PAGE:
The Imitation Game – A Review of a Sentimental Masterpiece

The Imitation Game is one of those films that struck me when I first saw the trailer. Having done a Computer Science course that specialised in Artificial Intelligence, I think I know a great deal more ‘about the bloke’ than most.

The Imitation Game Poster

I knew that he was a hero of the war, breaking the Enigma code somewhat single-handedly to save millions of lives, ending World War 2 early. I knew that Alan Turing was a pioneer of what we call a computer today, creating the most sophisticated machine of its time. Artificial Intelligence courses also teach you to a small degree how he ‘got his foot in the door’ with breaking the code, by finding commonly occuring words and vowels. I knew he recruited some members of the small secretive unit by placing an intensely hard crossword in a newspaper. I also knew the end of this great man – suicide by a cyanide laced apple after being hunted down by the British Government for being homosexual.

That was what I had to really go on and a small part of me thought ‘why am I seeing this film, I already know what’s going to happen..’. But, I made the move for a movie that struck me as being more sentimental than most.

 

Why am I seeing this film, I already know what’s going to happen…

 

Thank god I did.

Benedict Cumberbatch really takes well on the quirky, loner personality that Turing is made out to have in this day and age. The entirety of the film is somewhat split into three time periods, when Turing was a child, what he was like during World War 2 and what happened to him afterward – and I couldn’t have thought of a better trio of storylines.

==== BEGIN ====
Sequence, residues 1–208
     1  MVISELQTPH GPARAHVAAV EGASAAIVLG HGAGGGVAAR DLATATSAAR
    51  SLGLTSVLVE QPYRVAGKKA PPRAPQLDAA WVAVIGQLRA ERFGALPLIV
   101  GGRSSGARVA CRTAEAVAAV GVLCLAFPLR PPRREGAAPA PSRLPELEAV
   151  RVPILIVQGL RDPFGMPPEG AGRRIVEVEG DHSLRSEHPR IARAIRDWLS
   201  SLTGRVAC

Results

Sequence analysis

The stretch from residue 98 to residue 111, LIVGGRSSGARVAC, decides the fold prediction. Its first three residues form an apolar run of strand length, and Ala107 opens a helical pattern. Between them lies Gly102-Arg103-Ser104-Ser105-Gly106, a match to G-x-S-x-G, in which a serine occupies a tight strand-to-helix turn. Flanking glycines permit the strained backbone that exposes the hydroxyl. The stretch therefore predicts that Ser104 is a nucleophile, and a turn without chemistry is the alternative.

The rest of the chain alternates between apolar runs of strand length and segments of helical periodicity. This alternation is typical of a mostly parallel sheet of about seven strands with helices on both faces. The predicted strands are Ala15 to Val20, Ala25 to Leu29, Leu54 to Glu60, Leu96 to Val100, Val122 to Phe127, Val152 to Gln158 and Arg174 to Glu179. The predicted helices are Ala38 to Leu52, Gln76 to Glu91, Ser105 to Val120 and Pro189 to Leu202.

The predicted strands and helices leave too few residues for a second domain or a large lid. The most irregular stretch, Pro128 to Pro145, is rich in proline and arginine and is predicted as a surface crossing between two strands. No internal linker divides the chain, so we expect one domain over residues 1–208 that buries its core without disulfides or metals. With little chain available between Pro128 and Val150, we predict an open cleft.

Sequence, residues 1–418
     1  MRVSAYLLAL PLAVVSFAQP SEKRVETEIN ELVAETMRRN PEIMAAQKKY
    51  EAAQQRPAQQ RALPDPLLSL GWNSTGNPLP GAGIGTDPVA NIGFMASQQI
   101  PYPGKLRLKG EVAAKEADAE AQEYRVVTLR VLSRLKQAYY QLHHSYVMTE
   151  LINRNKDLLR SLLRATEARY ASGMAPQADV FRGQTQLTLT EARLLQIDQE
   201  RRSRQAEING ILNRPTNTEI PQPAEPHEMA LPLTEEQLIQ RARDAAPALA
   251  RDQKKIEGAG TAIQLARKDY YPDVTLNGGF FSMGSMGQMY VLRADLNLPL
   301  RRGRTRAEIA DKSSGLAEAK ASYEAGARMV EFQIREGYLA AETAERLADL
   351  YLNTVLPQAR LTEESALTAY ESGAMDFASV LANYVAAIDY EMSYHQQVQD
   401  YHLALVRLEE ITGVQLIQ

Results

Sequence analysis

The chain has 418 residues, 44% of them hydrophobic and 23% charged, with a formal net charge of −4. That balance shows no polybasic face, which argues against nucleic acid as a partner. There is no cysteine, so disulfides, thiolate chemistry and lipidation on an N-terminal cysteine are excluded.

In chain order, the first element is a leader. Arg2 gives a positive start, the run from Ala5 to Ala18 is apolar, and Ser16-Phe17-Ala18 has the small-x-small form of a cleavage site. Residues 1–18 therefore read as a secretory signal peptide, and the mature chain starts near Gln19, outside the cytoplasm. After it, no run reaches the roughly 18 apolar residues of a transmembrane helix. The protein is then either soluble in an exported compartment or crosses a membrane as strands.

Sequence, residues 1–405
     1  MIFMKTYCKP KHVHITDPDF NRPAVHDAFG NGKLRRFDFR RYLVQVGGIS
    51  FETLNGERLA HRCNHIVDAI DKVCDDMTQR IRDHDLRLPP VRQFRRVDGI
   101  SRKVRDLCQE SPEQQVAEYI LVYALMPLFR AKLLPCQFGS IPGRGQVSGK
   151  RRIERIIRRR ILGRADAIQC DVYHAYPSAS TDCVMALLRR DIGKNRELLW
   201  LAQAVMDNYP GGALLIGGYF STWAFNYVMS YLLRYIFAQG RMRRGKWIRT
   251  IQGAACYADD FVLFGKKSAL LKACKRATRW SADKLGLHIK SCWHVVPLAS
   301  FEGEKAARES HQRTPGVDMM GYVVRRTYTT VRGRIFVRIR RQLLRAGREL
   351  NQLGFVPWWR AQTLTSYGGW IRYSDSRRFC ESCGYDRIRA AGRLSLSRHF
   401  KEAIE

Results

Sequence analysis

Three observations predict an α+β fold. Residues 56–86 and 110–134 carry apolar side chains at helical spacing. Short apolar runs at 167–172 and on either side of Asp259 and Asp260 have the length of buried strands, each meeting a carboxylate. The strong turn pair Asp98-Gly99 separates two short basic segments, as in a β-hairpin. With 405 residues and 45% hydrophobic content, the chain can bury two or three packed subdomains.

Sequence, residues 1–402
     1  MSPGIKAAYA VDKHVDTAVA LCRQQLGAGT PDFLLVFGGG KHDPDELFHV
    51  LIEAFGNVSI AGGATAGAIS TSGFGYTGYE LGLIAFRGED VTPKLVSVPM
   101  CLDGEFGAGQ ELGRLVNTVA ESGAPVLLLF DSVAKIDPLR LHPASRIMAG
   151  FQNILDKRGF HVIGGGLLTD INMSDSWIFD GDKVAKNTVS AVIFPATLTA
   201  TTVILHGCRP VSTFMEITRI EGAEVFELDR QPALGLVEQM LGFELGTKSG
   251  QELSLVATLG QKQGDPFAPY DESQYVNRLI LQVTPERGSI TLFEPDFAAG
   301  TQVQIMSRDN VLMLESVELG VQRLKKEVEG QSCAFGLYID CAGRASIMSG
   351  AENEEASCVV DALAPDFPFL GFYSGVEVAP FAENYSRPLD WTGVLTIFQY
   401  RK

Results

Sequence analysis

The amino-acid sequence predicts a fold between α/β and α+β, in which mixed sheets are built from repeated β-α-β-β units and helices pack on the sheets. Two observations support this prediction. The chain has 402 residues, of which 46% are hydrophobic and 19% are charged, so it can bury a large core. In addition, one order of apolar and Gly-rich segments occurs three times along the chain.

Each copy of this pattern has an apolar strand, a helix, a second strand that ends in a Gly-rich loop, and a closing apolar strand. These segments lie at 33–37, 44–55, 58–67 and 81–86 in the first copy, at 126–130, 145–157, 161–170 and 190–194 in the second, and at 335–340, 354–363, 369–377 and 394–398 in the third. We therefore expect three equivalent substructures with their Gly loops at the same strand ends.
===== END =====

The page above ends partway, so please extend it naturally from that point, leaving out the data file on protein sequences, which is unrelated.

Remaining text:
As a child, you see Turing as the loner child of the classroom, always picked upon by bullies but finding schoolwork a doddle. He joins his friend Christopher in learning how to communicate in their own cryptic language before he is taken away from the world. This significant event of Turing’s life isn’t really explored by the film but also further envelopes the quirky nature of Turing into the film itself.

 

Awesome Loner-Like Personality

The majority of the film is about Turing during the war, obviously. His loner-like personality is awesome in a twisted way. He swiftly takes over the controls from the UK Chess Champion and pressures Winston Chruchill to help fund his machine that will automate all German intercepted radio signals instead of focusing manpower on more traditional efforts by decrypting messages through brainpower as and when they are found. The entire film revolves around the team and Turing deservedly takes much of the screentime. As an experienced computer scientist, you learn a lot about the whole team, like how Turing is so concerned with hiding his sexual preferences.

 

The end of the film is maybe the only part that I’d touch up if it didn’t affect the age rating. I would have liked to have seen the film fade to black whilst the camera pans up from Turings lifeless body. The poetic nature of his death during the disgusting treatment from the government would have ended a very quiet film in a very quiet way.

 

This film doesn’t deserve to be torrented

I think I’ve written as much as I can about the film before I’m just giving you the full script itself. Let me know in the comments and on Twitter what you think of my personal take on the movie.

The Imitation Game gets a solid 10 out of 10. The quintessentially British film is perfectly portrayed in a timeless masterpiece by Mr Cumberbatch. The quirky, enthralling drama is a film like no other. You leave the film in an ever greater belief that Alan Turing should be on all banknotes, a true hero of the modern day. Now go forth and spend those hard earned pennies on a film that simply doesn’t deserve to be torrented. It’s just one of those that is so much better on the big screen.

 

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